[History with Harry: Custer and the Bull is a 3-part story, with its central theme being the Dakota Access Pipeline. The story looks at the history behind the land that was once revered by native Americans and is at the heart of the pipeline debate.]
Ever seen a dog wearing a ten gallon hat? Frankie had. He was presently seated next to one atop a hill in the long grass. A cowboy hat-wearing, talking, time-traveling dog. Who’d have thought?
“Da stars at night, awe big and bwight…,” Harry sang, a red bandana waving around his neck. “We’re in Montana, not Texas,” Frankie said, adjusting in the grass against the nighttime heat. “Yeah, twue,” Harry replied, eyes glimmering in the sea of stars above. “Day awe pwetty dough.”
Frankie nodded agreement. The night was crystal clear. It was beautiful sitting in the open air, near the Little Bighorn River. In the distance, the soft glow of campfires. Smoke could be seen coming from a vast encampment.
The day had started normally. Then, Poppop picked up an article on protests against the ‘Dakota Access Pipeline’ running through South Dakota, near the Standing Rock Sioux reservation. Since spring, Native American protesters had opposed the 1,170-mile pipeline. Now, the issue was in a judge’s hands.
Pop began lecturing the importance of ‘sacred lands’ and ‘ancestral rights’. Frankie simply shrugged, saying that it meant more resources and money for the U.S., so who cares? “If Sitting Bull were still around…,” Pop had quipped.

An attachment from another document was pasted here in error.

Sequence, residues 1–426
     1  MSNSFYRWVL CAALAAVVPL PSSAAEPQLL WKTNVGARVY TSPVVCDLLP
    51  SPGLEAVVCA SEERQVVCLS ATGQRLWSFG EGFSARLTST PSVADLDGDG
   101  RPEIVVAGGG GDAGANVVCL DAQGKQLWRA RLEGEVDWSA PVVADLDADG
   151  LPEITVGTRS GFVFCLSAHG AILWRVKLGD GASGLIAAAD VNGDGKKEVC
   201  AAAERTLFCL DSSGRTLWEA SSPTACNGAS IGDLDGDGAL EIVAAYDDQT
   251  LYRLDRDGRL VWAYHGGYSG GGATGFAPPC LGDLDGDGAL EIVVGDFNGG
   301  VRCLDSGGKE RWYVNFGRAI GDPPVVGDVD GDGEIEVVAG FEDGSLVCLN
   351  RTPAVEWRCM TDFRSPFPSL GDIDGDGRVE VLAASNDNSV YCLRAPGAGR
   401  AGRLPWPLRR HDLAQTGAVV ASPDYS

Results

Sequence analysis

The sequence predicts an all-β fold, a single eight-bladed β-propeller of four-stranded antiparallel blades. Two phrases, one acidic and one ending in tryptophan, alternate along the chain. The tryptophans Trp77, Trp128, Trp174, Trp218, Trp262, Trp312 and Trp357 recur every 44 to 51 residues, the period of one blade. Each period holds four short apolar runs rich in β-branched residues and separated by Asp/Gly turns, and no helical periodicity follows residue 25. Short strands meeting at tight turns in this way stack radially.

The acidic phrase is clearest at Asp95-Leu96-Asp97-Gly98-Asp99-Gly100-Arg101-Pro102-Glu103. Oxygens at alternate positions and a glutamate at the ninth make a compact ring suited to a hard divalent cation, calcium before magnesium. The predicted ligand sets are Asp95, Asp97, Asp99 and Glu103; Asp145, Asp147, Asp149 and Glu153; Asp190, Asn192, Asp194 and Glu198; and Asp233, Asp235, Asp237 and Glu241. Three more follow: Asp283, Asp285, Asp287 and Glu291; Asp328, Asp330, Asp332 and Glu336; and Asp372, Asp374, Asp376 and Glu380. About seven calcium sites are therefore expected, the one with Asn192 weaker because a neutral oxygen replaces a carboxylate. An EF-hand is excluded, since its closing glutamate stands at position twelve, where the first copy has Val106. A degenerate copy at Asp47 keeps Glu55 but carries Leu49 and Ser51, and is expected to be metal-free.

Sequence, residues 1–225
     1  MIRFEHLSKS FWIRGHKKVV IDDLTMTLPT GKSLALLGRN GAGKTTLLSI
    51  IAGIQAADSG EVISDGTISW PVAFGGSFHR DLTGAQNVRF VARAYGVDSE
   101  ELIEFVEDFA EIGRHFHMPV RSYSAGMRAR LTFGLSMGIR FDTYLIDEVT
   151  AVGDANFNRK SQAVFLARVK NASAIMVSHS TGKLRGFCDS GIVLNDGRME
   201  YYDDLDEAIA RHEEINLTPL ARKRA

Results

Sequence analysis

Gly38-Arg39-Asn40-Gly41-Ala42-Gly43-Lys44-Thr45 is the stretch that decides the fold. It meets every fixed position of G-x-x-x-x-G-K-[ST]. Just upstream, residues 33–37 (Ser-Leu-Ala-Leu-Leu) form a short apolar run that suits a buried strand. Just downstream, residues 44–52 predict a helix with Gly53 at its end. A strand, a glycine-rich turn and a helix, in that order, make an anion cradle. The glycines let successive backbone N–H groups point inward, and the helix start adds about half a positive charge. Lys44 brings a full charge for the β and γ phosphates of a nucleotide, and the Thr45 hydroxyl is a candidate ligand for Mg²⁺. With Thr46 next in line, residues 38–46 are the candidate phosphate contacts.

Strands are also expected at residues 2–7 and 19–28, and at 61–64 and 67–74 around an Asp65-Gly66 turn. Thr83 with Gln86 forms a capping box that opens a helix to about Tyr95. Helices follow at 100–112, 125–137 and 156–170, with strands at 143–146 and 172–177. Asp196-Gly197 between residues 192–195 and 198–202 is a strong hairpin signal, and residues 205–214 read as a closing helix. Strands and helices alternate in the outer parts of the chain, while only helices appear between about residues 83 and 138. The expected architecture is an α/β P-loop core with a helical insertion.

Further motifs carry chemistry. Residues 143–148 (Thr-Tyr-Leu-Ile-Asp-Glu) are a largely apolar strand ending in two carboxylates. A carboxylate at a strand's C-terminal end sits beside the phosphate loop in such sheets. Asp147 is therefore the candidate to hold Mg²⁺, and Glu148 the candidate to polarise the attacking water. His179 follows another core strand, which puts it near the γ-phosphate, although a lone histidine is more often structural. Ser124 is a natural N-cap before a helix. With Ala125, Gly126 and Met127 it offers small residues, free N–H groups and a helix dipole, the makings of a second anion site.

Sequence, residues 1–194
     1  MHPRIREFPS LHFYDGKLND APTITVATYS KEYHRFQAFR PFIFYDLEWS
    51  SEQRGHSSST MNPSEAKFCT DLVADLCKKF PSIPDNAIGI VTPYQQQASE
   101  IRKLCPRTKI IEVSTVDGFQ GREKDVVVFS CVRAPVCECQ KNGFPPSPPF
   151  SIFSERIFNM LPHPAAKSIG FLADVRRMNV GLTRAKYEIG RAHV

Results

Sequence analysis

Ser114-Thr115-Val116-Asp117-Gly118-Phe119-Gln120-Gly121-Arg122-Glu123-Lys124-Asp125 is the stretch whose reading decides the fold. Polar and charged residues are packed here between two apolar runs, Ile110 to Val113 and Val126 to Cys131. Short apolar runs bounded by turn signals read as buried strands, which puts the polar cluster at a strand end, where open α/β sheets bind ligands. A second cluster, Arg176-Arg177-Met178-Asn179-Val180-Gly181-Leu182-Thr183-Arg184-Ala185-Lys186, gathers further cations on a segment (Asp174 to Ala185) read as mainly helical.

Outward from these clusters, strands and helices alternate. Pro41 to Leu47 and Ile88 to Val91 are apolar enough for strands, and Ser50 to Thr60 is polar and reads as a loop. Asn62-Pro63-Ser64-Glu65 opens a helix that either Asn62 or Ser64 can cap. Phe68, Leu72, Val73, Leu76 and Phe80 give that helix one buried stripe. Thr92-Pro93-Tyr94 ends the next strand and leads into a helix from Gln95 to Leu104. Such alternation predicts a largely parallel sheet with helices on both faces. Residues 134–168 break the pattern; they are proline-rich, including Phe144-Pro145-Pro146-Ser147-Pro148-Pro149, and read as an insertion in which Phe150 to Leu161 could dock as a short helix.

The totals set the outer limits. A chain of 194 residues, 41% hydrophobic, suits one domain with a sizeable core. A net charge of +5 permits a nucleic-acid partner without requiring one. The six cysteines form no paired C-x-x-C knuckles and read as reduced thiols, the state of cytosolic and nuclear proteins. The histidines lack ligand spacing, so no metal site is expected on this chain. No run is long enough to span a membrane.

Before Frankie knew it, Harry whisked them both back to 1876, for a chance to meet with the famous Sioux warrior chief.
“So what if they want to run a pipeline through here,” Frankie said, throwing his arms up. “Look at all this land! It’s still as empty in our time! It’s more natural resources for us to use!” “Might feel diffwent if it was your gwound,” Harry replied.
“But it’s not their ‘gwound’,” Frankie shot. “In our time, this Native American tribe has a whole reservation that is theirs! It shouldn’t matter if a pipeline that’s going to supply our country with more oil and stuff runs near the reservation’s boundary.”
“It would matta to you if dat pipewine ran past your backyawd, den cracked open, dumpin’ oil all ova da pwace, destwoying your home…”
“When has that happened,” Frankie interrupted. “Onwy a few years ago in North Dakota. Spilt miwwions of gawwons of oil onta da gwound.”
Frankie waved him off. “An accident. The safety record of these pipelines says they’re more than safe. Other landowners across the pipeline’s path are fine with it. They know this four billion dollar project will bring jobs…millions of dollars to their communities. Who cares about where your ancestor’s walked thousands of years ago?”
“Sittin’ Bull and his people don’t see it dat way. He’ll tell you when we go down ta his camp. If you had your home and twaditions taken away, you’d feel diffwentwy,” Harry stated, his nose twitching, catching a scent on the air. “What’s dat smell?”
“That’s like saying I can’t build a pool in my backyard,” Frankie said, dismissing what Harry sensed. “Because you may have buried a bone there years ago. C’mon!”
“Dat’s not da same,” Harry said, before his tone became concerned. “You wouldn’t do dat, would you?” “Maybe,” Frankie huffed, crossing his arms in anger. They sat in uncomfortable silence for a moment.
“Fwankie, are we fwiends?”
“Sure..I guess,” surprised by Harry’s unexpected question, which lightened the tension between them.
Suddenly, the sound of galloping horses came, dust erupting around them. Harry perked up, growling. Frankie struggled to make out four figures on horseback, circling them. “Well, what do we have here,” a voice hollered.
Frankie spun around, finding himself staring down the barrel of a rifle, held by the infamous George Armstrong Custer!
[Continued in Part 2 next week..]